I wonder sometimes if my work-hardened Granddaddy (back then he plowed his farm with a hand plow and two mules, the reins wrapped around his neck) brushed away a tear when he held those coins in his rough hand. It was such a profound gift.  I know I brushed away tears when I heard the story... 

          I've wondered too, that on that dark evening, if Granddaddy had looked over his shoulder, he would have seen those angels smiling....

© Jaymie Mathena

Thursday, April 25, 2013

Gherkin Follies

             I always loved staying with my grandparents, my mother’s family.  To me the farm was a place of new experiences…let’s face it…I was mostly too young to know that a farm required hard work from those who lived there.  I was also…let’s face it…very spoiled!

            I was the only grandchild for six years so I was doted on, allowed to do pretty much as I pleased, and had evidently learned to use blonde Shirley Temple curls and blue eyes to their best advantage. 

Since my mother was the oldest of twelve, I had the unique advantage of being just a shade younger than my youngest aunt and uncle.   Most of the time grandmother (who never seemed to stop doing a thousand things a day) would simply tell the two of them to keep an eye on me.

With those two as my teachers I learned magnificent new skills…from how best to remove the eggs from a crotchety hen, to turn found objects into magnificent playhouses, to wander far and wide through the fields investigating everything, and…probably most important of all…how to “bust” a watermelon open on a stump.   The rewards of doing this correctly enabled the participants to feast on the sun-warmed goodness of ripe red innards, so ripe that the juice ran merrily in rivulets down our fronts.  After eating our fill we headed for the nearest stream; otherwise we would have returned home a sticky mess and everyone would know where we’d been.  (I don’t think that escaped too many eyes anyway!)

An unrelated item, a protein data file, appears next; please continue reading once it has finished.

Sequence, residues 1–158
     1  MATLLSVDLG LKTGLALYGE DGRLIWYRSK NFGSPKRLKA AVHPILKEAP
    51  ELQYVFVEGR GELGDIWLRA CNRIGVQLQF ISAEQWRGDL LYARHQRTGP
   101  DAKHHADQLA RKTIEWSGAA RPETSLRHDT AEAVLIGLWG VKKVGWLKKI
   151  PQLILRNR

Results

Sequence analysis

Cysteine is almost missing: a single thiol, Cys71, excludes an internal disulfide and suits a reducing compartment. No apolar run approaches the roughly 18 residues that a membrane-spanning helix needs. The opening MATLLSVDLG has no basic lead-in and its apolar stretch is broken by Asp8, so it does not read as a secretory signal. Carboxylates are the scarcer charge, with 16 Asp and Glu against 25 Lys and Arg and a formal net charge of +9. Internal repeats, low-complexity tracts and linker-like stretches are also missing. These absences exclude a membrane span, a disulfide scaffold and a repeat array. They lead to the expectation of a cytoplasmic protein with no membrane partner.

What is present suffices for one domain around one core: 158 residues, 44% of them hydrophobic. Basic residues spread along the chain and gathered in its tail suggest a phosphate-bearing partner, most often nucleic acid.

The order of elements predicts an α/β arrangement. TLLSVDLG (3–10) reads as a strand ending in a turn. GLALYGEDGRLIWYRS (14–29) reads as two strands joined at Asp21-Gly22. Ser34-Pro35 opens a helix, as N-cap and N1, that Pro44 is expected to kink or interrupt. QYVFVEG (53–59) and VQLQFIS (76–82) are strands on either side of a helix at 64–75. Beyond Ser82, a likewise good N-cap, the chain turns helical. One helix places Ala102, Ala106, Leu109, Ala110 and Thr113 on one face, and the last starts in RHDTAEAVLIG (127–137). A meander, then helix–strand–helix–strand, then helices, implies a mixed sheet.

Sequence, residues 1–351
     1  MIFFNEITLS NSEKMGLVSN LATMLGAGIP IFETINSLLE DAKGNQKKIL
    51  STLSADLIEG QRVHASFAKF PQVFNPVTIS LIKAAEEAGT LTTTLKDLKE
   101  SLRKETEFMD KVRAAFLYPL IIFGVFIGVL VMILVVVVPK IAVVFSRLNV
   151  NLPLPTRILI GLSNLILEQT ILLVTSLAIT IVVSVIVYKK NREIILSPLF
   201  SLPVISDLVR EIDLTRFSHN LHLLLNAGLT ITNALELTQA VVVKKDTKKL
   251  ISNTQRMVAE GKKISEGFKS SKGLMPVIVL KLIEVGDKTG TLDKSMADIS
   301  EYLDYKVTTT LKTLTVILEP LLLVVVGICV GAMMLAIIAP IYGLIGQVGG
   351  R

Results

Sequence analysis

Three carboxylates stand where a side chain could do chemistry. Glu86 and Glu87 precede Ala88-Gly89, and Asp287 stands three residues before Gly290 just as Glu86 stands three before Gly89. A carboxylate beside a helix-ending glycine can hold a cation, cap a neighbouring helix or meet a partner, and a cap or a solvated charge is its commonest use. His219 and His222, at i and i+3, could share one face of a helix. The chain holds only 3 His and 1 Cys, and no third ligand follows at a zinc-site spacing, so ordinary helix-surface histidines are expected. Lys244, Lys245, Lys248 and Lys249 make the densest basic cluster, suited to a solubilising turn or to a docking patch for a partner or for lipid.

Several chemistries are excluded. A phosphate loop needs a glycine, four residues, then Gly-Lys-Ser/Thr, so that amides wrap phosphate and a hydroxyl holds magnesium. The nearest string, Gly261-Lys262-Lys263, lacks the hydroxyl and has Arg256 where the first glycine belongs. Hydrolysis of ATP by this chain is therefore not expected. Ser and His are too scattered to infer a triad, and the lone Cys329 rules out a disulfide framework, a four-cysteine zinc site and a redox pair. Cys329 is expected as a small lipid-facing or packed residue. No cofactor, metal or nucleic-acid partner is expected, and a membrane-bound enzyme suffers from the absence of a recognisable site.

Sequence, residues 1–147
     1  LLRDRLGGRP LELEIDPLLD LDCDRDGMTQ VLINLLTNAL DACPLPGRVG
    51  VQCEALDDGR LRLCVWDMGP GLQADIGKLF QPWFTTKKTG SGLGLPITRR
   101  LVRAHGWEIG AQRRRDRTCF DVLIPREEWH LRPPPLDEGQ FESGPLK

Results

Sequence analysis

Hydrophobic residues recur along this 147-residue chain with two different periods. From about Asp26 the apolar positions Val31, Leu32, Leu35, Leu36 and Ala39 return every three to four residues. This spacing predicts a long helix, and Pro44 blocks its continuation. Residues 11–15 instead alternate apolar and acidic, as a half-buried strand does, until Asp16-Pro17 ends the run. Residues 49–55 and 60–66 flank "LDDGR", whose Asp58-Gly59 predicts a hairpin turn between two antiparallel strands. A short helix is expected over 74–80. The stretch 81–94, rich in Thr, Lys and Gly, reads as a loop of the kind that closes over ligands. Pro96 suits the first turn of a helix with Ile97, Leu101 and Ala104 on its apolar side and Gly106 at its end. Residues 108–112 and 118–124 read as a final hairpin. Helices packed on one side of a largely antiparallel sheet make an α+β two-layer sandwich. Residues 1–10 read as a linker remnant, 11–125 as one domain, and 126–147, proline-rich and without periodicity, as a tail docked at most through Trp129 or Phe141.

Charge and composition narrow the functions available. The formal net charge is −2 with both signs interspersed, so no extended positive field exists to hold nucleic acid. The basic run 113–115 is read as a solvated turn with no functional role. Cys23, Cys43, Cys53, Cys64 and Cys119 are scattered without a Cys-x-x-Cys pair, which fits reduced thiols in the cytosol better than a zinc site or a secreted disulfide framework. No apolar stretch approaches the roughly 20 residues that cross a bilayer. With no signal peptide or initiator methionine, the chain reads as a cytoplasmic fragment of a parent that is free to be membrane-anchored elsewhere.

Granddaddy farmed those acres with a hand plow and two mules, the reins wrapped around his neck.  That was just the way they did it back then.  The crops that grew best in that sandy Red River bottom soil were primarily peanuts, cucumbers, and watermelons.  For a city girl like me, all of them were fascinating…most fascinating were the peanuts.

You approached the mature plant with a spading fork and carefully pulled it loose from the soil.  It was like finding hidden treasure!  If you had picked the right plant, you unearthed a wealth of peanuts, just waiting to surprise you!  No wonder I saw it as fun!

When there was work to be done, however, all hands (all five aunts and uncles) were required in the fields.  There was hoeing of weeds to be done, there was picking to be done (so the plants would keep producing), and eventually the final harvesting of the crops…all required well-practiced hands.  This usually left me out……

One morning Granddaddy announced that the day’s job would be picking cucumbers so he could take them to market.  Wonder of wonders, he asked me if I would like to help!   ME!!!!  I was as proud as if I had been asked to save the nation (or something equally heroic).  My aunts and uncles must have smiled inwardly and raised their eyebrows…they already knew that Granddaddy meant the whole morning at least!

Off we went to the field and I was given my very own tow sack to fill.  I even had my own row!  By the time I was halfway down the row it was apparent to everyone that I was missing a lot, if not most, of the cucumbers ready to travel.  After all, those leaves were scratchy…no one said that I had to pull them aside and hunt for the critters! 

In order to help me save face (or possibly to keep the peace), Granddaddy changed my job description…to gherkin hunter!  Oh, what an accolade!  He suggested that there was definitely a market for gherkins, and since I was pintsized, perhaps that would be my natural bent…to find pintsized cucumbers!  I liked that better (mainly because the others would call me over when they found the tinier ones) and my job was much easier from that point on.  The worst part was that they kept finding them all morning!  I thought it would never be time to go back to the house for lunch!